Hannah Oros


Small Talk: Gender, New Media, and the Public Communication of Nanoscientists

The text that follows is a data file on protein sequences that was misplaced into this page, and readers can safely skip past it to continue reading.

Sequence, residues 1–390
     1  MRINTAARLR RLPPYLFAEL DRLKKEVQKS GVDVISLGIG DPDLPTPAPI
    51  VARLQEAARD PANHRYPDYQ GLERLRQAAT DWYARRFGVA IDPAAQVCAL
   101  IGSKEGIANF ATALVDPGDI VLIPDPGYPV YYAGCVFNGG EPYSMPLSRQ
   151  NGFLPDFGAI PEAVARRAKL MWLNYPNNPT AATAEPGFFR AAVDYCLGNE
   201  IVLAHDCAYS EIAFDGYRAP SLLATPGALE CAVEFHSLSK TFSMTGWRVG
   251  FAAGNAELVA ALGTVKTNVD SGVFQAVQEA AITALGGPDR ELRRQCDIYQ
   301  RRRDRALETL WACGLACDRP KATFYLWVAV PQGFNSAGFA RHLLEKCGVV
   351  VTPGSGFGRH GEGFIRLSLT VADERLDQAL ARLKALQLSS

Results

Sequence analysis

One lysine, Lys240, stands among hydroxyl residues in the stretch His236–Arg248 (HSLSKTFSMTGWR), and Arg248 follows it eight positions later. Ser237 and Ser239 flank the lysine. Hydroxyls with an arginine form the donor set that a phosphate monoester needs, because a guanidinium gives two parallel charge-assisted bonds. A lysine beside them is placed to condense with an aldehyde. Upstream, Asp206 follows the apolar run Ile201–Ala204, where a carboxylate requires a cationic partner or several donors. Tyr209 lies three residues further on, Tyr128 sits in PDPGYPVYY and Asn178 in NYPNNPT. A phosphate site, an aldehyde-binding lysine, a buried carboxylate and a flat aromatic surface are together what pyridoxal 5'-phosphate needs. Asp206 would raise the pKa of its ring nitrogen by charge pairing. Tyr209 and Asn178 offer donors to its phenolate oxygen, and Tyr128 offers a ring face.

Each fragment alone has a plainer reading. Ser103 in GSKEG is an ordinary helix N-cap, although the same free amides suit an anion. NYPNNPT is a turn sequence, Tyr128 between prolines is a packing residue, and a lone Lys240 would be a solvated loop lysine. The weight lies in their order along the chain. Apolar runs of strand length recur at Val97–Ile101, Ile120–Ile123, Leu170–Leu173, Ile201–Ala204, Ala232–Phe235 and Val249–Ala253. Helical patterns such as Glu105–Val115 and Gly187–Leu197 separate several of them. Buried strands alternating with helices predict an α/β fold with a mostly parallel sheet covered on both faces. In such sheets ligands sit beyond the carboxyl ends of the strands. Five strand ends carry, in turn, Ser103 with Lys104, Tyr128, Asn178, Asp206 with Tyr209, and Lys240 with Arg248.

Nanotechnology is hailed as the next Industrial Revolution and it is an emerging technology that has vast potential to change the world we live in. Because public opinion and scientific literacy can affect the development of nanotechnology, the public communication of science and technology (PCST) by nanoscientists is imperative to study, specifically through models of public engagement. Nano-scientists are uniquely situated to communicate about nanotechnology because of their expert knowledge. However, gender differences must be examined because the field of nanotechnology is male-dominated. New media platform usage when engaging in PCST activities is also researched in this thesis, because new media platforms have the potential to possibly be more democratic, interactive, and engaging. When examining PCST, subjective norms, perceived behavioral control, and attitudes, only a few significantly significant gender differences were found: the helpfulness of using new media platforms to communicate about science, using social networks to communicate about science, and how voluntary the use of new media platforms was to communicate about science. Although almost all of the results indicated no significant gender differences, gender is a relevant issue regarding PCST activities because there are still inequalities within the field of nanotechnology, such as in publishing, patenting, the targeting of product development, and general underrepresentation. Gender equality matters because it could promote “scientific and technological products, services, and solutions that are likely to be better designed and more likely to represent all users, and the direction of scientific inquiry will be guided by a broader array of experiences” (Corbett, 2011).